One of the nation’s top financial educators is helping African Americans with a hip-hop-inspired daily digital personal finance show.
According to Black News, The Ash Cash Show, hosted by Ash Exantus aka Ash Cash, livestreams on Facebook, YouTube, Twitter, Periscope, Twitch, and Instagram Monday through Friday at 8 a.m. eastern. It is then released as a podcast.
The show focuses on personal finance and empowering people to achieve financial freedom and build wealth. Exantus told Black News he believes between the widespread unemployment due to the coronavirus pandemic and the uncertainty of the economy, a financial voice is needed.
“I once heard, when the country catches a cold, black folks get pneumonia and with the current coronavirus pandemic, this has been nothing but facts!” Exantus told Black News.
The coronavirus pandemic has hit African Americans harder than other races, both physically and financially.
“This is not a fire drill! Those who are blessed with knowledge have an obligation to give that knowledge to those who need it the most, said Exantus, who is dubbed as the Hip Hop Financial Motivator, on Friday during a live broadcast of The Ash Cash Show.
Exantus, whose first show was in September 2015, has also written eight books on financial matters from repairing credit to financial inspiration from Jay-Z’s 4:44 album.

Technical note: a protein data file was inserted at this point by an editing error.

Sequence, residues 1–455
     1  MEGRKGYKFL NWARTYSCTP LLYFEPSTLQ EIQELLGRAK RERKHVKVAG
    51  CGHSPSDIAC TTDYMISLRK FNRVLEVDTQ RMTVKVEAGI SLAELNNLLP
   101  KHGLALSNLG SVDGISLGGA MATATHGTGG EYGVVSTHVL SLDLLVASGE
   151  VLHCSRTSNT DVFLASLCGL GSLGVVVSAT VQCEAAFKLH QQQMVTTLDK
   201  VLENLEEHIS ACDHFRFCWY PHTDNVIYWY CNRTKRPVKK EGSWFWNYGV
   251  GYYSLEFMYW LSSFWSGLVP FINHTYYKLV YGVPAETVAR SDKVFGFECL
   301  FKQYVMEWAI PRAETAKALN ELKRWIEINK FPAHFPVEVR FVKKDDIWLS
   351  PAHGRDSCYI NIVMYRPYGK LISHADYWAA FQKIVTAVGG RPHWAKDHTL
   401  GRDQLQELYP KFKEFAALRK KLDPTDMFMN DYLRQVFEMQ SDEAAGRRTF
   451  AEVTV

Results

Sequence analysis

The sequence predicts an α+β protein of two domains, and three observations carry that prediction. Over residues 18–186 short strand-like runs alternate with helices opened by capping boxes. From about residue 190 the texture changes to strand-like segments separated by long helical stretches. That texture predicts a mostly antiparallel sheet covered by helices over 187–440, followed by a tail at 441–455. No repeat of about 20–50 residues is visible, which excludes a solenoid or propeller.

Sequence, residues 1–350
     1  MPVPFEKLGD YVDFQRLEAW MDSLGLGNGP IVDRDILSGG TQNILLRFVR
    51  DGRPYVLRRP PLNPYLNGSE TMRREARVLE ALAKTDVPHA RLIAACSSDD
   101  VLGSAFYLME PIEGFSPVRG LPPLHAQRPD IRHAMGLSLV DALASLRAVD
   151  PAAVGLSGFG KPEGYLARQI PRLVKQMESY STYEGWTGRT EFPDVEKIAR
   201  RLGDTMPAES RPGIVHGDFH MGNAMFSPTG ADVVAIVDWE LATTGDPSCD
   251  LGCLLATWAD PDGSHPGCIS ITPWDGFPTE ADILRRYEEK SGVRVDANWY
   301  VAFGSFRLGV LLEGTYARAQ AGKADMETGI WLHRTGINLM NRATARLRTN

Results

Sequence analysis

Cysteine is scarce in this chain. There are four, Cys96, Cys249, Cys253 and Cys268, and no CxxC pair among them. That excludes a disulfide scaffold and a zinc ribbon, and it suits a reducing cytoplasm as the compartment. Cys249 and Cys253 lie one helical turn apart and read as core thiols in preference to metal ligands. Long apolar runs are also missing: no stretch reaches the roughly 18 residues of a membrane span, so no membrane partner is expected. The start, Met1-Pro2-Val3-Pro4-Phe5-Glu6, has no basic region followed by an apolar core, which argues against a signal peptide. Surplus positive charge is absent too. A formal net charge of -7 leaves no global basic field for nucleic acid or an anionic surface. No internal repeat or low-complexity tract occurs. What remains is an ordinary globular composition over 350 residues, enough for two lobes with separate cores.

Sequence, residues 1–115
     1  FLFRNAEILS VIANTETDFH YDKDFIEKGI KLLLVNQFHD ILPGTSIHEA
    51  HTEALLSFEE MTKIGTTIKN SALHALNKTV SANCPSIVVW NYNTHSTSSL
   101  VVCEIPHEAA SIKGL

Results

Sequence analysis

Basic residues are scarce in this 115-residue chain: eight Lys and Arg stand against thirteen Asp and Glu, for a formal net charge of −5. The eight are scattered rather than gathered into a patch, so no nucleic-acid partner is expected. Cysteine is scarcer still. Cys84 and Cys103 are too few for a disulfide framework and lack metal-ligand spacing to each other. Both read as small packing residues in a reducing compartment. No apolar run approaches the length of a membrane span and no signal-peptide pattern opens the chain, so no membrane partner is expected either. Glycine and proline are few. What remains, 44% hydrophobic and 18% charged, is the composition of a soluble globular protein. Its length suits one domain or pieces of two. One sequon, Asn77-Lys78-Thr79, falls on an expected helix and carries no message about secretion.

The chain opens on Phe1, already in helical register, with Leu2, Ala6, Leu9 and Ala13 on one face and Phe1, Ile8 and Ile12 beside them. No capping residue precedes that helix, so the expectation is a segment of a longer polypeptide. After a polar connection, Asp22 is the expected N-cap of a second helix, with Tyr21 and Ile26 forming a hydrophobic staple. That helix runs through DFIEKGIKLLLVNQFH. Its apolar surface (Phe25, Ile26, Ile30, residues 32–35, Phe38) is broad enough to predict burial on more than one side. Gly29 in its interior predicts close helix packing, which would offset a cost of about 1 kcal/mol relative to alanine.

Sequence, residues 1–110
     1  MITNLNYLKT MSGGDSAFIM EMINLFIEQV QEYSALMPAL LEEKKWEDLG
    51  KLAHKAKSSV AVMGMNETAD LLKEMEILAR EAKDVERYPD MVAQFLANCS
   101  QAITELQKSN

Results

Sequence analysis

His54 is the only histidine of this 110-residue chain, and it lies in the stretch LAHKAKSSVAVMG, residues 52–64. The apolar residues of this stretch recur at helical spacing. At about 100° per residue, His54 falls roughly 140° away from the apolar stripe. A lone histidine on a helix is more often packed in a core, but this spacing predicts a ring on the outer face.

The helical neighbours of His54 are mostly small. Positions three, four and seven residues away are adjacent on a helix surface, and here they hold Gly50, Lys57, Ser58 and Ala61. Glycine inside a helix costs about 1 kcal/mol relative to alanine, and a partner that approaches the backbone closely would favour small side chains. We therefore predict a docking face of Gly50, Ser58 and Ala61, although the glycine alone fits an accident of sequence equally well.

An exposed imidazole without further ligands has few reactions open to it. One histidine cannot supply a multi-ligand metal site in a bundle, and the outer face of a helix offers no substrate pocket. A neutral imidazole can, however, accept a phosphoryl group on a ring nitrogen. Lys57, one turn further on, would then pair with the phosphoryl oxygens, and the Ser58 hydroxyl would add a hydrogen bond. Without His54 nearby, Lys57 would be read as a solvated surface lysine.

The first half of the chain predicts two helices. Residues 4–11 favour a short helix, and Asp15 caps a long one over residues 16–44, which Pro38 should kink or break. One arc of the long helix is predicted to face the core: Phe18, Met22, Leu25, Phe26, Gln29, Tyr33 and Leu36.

6.8.20- The Ash Cash Show https://t.co/eqrZqp99CK
— Ash Cash Exantus™ (@IamAshCash) June 8, 2020
According to Robert Fairlie, an economics professor at the University of California, 450,000 African American business owners have closed their stores since the coronavirus pandemic hit the U.S. One of the reasons for the steep decline is because beauty salons, barbershops, daycare centers, taxi services, and clubs make up a significant portion of African American-owned businesses. All of these industries have either had to completely shut down or have had to operate at a highly reduced capacity.
“We already have disparities. African Americans have the lowest business-ownership rate in the population. …And so here we’re creating a situation of closures that’s hitting the groups with the lowest rates even harder,” Fairlie told The Washington Post.